Thailand pro-Thaksin group resurfaces as COVID worsens

BANGKOK — In recent weeks, hard-core protesters have been clashing with riot police on an almost daily basis under an overpass at Din Daeng, a major intersection area 10 minutes north of central Bangkok.

The clashes erupted after police erected roadblocks to prevent protesters from reaching an army compound that contains Prime Minister Prayuth Chan-ocha’s residence.

Political agitation resumed in June, and the violence has mounted steadily with fireworks and other small explosive devices being thrown at police lines. The police have responded with water cannons and tear gas, and the disorder appears to be deepening.

Mostly young people took to the streets after the Constitutional Court ordered the dissolution of the Future Forward Party, an opposition party with strong youth support, in February 2020. The student-led protests condemned the government, the military, the often compliant judiciary, the military-drafted constitution and the monarchy for undermining democracy.

In addition to demanding Prayuth’s resignation and constitutional reform, the protesters shattered the old taboo against criticism of the royal family.

The government reinstated use of the law of lese-majeste late last year, and multiple charges were brought against key student leaders, whose bail applications were denied for months. The detentions combined with anti-COVID-19 measures took the wind out of the protests for some months around the New Year.

But this year’s lockdowns have failed to contain the spread of infections, and public distrust in the government has mounted because of its failure to secure sufficient vaccines. The increase in infections has fueled protests and changed the demographics with the involvement of more radical and violent elements.

One of the most significant changes is the reemergence of the United Front for Democracy against Dictatorship (UDD), a civilian group that backs Thaksin Shinawatra, the prime minister deposed in a coup in 2006. Thaksin’s supporters, collectively known as Red Shirts, have historically pitted themselves against the Yellow Shirts, which support the traditional establishment, especially the monarchy.

Particular attention has been given to the resurfacing of Nattawut Saikua, 46, the UDD’s secretary general. After three years of seclusion, he has announced a campaign to oust Prayuth. In the beginning and middle of August, he and other UDD leaders led fleets of cars and motorcycles blaring horns through Bangkok in protest against the government.

Red Shirt leader Nattawut Saikua, secretary general of the United Front for Democracy Against Dictatorship, addressed anti-government protesters at a ‘car mob’ rally in Bangkok on Aug. 1.    © Getty Images

The UDD was formed after Thaksin’s overthrow in 2006. One of its early acts of defiance was a march on the home of Prem Tinsulanonda, a former prime minister. The UDD believed that as president of the Privy Council, Prem had masterminded the coup against Thaksin. Prem, also a former army chief who wielded enormous influence in military circles, died in 2019.

Thaksin’s disbanded Thai Rak Thai party was reconstituted as the People’s Power Party, which won the 2007 general election under a new constitution. Thaksin’s proxy prime minister, Samak Sundaravej, and his successor, Somchai Wongsawat (a brother in law of Thaksin), were both removed after short terms by court orders. After various judicial and military interventions, they were replaced in December 2008 by Abhisit Vejjajiva, who headed a coalition led by his Democrat Party until August 2011.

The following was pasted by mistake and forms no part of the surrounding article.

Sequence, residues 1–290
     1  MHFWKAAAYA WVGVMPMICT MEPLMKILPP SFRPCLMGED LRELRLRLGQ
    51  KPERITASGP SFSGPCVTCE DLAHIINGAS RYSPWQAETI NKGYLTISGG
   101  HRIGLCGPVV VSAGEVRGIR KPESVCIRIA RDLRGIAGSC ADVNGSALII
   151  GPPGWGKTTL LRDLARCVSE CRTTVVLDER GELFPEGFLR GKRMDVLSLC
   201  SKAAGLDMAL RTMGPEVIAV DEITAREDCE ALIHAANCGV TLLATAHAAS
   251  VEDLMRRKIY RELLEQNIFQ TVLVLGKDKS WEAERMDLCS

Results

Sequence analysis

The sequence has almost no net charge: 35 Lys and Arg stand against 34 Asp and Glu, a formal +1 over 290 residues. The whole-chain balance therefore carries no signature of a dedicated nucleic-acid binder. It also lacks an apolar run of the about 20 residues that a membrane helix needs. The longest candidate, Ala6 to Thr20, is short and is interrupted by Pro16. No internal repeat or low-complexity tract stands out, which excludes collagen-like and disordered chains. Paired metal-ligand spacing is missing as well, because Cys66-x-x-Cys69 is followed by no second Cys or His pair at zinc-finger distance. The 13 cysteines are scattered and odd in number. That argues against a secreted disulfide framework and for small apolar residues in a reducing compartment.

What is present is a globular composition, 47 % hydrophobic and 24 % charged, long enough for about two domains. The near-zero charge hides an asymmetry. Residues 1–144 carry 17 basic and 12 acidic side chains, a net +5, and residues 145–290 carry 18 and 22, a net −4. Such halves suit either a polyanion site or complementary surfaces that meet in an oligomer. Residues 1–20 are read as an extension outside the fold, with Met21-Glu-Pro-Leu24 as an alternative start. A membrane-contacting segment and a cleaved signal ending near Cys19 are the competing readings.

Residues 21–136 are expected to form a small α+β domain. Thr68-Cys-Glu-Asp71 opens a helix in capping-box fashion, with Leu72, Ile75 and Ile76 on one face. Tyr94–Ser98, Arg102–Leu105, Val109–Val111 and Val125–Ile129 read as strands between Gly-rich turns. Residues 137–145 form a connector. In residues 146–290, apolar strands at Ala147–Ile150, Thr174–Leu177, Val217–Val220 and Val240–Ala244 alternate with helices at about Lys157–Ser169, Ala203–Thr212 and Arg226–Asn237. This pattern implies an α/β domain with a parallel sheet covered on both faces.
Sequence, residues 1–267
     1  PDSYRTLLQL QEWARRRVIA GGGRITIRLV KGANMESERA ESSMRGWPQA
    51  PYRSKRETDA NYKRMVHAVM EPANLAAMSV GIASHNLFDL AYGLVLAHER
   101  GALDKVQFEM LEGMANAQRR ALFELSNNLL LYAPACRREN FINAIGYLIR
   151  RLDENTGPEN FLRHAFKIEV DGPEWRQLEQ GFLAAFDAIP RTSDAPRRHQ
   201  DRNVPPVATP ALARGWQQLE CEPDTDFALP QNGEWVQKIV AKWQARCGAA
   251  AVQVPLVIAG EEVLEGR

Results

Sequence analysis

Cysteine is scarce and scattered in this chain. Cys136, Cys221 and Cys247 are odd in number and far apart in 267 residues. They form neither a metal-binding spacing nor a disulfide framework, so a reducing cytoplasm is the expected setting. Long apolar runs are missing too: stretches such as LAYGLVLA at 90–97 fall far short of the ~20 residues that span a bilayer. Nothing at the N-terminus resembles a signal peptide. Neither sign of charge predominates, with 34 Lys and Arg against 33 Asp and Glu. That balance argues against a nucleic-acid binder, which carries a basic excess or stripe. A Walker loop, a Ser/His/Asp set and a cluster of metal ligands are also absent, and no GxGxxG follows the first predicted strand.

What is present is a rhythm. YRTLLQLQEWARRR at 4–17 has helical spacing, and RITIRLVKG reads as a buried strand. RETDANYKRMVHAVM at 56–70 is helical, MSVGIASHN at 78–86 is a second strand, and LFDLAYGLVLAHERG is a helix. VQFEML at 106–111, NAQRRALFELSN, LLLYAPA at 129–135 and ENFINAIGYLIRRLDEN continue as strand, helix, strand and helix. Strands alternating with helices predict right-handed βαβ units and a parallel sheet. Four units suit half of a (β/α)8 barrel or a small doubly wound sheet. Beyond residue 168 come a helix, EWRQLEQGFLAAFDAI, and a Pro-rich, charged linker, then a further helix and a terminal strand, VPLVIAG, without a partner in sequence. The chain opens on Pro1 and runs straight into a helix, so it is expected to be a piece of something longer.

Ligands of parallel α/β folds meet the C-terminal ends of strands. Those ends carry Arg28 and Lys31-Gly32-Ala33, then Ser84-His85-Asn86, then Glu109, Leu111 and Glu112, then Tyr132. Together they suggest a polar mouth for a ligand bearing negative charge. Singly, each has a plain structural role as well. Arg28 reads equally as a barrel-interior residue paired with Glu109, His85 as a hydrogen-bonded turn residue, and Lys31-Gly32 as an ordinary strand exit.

The UDD claimed the Abhisit government stole power “undemocratically,” and became increasingly militant. The Red Shirts, some of them armed, occupied much of central Bangkok, reprising Yellow Shirt occupations of Government House, Suvarnabhumi International Airport and other parts of the capital on Samak’s and Somchai’s watches in 2008 by the People’s Alliance for Democracy, led by Sondhi Limthongkul.

Portraits of former Prime Minister Thaksin Shinawatra have been seen at recent protests in Bangkok as supporters raise his profile.    © Getty Images

In May 2010, troops were sent in to end the Red Shirt occupation of major parts the capital, and over 90 people were killed in the violence. Nattawut had spearheaded the pro-Thaksin movement, both on the streets with the UDD and in parliament as a member of the lower house, but as chaos descended at the end he called for the abandonment of the demonstration on May 19.

When Prime Minister Yingluck Shinawatra, Thaksin’s younger sister, formed her cabinet after a general election in 2011, Nattawut served as deputy minister for agriculture and cooperatives and deputy minister for commerce.

UDD activities wound down after the 2014 coup that ousted what remained of Yingluck’s caretaker government, and Nattawut was imprisoned for alleged offenses committed outside Prem’s home in 2007. He was pardoned and released from prison at the end of 2020.

Nattawut has returned to political life citing the Prayuth government’s failure to contain COVID-19 as a reason. His reappearance locks step with Thaksin’s recent moves — although Nattawut denies it. The former prime minister, who remains in exile because of corruption convictions in absentia against him, has recently stepped up his social media activities. In mid-July, he caught major attention after pledging on the Clubhouse social audio app to return to Thailand at any cost.